The gene that links Alzheimers and diabetes, why there are more fat kids than ever and is legionnaires on its way out?
A round-up of the health news headlines on Friday 15 June
The Guardian reports that a second man has died of legionnaires disease in Edinburgh. The man, from the Gorgie area of the city which has suffered the worst from the legionnaires outbreak, is reported to have had ‘significant pre-existing underlying health conditions'.
His death comes as the outbreak appears to be in decline. On Thursday the Scottish government announced that there were no new cases, leaving the total of suspected cases at 48. And over the last week two factories in the area suspected as sources of the outbreak were ordered to shut down and clean their cooling towers.
Nicola Sturgeon, Scottish health secretary, said: ‘Despite this sad and tragic development, it remains the case that we believe the outbreak to have peaked. However, we continue to monitor the situation carefully.'
The Telegraph reports that the true number of obese children could be much higher than estimated. Current figures put the national childhood obesity rate at three in ten children aged 2-15. However, this figure is calculated according to Body Mass Index (BMI) and does not take into account where on the body the extra fat is carried.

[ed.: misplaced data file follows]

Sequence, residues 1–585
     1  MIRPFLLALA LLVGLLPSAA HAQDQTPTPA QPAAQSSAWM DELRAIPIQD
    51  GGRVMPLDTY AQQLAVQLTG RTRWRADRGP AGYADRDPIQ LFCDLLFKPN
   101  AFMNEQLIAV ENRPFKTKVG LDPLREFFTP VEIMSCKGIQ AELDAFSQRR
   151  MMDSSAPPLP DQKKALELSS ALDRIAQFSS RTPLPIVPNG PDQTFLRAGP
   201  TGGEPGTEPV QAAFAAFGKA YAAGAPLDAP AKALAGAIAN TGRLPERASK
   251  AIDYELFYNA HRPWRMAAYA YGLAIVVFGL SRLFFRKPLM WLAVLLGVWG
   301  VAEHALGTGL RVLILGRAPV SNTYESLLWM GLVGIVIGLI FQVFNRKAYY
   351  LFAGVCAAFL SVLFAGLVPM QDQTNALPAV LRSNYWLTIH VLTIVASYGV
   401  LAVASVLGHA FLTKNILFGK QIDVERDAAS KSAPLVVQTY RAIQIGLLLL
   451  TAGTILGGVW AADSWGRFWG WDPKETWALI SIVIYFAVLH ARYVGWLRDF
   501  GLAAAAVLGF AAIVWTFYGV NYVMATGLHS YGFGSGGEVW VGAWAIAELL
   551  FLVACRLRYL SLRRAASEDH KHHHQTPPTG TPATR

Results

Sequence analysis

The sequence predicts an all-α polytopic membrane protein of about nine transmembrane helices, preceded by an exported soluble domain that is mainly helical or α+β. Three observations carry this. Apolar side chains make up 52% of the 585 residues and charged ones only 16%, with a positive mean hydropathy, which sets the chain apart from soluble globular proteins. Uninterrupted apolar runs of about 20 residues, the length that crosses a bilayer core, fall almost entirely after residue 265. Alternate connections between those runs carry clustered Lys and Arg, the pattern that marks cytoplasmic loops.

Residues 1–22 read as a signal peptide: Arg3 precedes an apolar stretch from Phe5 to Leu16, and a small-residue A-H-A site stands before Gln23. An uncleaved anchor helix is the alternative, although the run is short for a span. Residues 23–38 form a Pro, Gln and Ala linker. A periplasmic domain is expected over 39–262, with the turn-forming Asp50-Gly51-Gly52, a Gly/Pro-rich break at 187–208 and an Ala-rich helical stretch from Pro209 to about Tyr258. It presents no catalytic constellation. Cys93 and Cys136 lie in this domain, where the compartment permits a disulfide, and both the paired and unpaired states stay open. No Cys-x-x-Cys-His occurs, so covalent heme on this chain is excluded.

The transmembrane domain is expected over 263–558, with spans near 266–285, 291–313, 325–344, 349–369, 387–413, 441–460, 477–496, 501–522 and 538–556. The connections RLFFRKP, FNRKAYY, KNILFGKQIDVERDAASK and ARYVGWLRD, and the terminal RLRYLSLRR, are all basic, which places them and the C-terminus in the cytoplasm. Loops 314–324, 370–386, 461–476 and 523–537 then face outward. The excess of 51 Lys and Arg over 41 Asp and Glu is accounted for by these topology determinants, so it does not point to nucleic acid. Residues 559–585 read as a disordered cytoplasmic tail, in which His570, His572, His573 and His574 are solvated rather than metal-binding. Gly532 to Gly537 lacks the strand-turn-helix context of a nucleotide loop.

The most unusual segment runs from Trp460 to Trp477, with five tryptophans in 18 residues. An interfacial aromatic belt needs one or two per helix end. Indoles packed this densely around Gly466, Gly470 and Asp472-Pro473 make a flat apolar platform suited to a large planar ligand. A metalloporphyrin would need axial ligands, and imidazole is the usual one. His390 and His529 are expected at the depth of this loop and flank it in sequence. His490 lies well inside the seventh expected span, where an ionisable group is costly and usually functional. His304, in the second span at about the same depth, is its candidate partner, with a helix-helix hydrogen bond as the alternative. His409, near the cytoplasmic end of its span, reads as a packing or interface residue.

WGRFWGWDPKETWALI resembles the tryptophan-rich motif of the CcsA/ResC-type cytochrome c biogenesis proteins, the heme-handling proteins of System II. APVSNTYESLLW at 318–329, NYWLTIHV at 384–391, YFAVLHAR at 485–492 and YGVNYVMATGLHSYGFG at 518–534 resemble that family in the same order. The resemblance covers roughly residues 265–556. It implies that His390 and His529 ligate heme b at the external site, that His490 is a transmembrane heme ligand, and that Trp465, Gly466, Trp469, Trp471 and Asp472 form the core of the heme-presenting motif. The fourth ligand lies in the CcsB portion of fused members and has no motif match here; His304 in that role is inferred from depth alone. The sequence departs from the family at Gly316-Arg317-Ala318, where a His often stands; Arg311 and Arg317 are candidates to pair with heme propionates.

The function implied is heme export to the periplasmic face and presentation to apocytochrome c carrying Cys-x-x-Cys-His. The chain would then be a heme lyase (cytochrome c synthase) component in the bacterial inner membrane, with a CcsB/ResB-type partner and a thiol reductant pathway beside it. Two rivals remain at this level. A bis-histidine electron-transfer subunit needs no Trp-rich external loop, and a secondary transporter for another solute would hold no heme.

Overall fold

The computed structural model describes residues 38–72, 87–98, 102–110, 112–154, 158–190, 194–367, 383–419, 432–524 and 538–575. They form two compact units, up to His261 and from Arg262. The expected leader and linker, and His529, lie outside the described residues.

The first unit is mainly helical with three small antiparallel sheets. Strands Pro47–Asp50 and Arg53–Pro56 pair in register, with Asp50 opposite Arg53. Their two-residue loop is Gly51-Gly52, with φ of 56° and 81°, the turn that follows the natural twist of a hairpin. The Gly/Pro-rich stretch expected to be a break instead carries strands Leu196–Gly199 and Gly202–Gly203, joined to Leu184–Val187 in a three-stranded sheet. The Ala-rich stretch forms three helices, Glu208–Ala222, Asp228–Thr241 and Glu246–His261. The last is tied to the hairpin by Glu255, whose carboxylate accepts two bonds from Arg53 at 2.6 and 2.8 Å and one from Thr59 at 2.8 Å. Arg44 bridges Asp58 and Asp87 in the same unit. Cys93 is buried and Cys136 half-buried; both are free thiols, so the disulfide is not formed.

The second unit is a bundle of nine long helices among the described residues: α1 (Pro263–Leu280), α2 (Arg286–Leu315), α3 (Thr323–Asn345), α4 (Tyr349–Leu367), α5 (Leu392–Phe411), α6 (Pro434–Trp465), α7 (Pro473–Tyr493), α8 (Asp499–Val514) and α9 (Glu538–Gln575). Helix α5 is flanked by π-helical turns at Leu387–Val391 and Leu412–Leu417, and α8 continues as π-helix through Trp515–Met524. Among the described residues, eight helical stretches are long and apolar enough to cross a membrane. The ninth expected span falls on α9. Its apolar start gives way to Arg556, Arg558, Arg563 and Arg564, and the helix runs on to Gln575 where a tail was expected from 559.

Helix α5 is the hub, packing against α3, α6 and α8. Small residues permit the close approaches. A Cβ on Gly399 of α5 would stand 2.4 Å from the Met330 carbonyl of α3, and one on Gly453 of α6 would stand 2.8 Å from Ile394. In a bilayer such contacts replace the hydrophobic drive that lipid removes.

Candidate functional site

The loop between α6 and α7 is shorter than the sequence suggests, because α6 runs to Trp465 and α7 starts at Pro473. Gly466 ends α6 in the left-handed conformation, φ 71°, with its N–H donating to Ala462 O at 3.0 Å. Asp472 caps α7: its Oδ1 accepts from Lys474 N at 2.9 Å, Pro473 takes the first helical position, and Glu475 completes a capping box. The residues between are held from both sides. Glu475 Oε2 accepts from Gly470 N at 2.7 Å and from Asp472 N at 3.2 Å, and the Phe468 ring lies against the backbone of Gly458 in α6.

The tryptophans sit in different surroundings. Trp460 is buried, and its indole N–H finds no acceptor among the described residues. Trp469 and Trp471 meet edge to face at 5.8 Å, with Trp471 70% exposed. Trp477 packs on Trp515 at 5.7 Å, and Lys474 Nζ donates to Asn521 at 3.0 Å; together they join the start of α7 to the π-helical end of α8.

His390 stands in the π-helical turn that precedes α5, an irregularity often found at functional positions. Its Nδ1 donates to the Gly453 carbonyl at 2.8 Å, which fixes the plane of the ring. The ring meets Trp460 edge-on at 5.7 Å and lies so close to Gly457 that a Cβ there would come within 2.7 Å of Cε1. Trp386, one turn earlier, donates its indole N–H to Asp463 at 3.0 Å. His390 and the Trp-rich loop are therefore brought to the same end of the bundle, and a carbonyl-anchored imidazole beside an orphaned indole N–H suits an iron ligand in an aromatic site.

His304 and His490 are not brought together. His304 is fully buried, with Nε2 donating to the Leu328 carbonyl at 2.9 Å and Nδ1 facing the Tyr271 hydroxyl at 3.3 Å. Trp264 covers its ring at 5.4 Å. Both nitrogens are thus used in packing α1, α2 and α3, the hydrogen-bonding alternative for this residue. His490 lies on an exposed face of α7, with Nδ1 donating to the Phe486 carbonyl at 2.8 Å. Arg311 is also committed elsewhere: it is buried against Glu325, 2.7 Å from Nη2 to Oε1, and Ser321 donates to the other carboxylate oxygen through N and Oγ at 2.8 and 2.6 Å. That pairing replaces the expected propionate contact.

Researchers from Leeds Metropolitan University claim that if waist circumference were measured as well as BMI, four out of ten children would be classed as overweight or obese.
They measured 14,500 children's BMI, waist circumference and waist to hip ratio and found six per cent of boys and 15 per cent of girls were overweight but would not have been identified using BMI alone.
It is fat around the middle that increases the risk of type 2 diabetes. Shockingly, the researchers found that 2,000 11-year-old girls were as big around the middle as a fat adult female, with a waist circumference exceeding 80cm – the point at which the diabetes risk increases.
The BBC brings us news of positive discoveries. It has long been known that people with diabetes have a much higher risk of developing Alzheimer's, but scientists were at a loss as to why.
Now US researchers say a study of worms may have provided answers: an Alzheimer's gene also plays a role in the way insulin is processed.
Professor Chris Li, who led the study, said: ‘People with type 2 diabetes have an increased risk of dementia. The insulin pathways are involved in many metabolic processes, including helping to keep the nervous system healthy.'
Mark Johnston, editor-in-chief of the journal Genetics, said: ‘We know there's a link between Alzheimer's and diabetes, but until now it was somewhat of a mystery. This finding could open new doors for treating and preventing the disease.'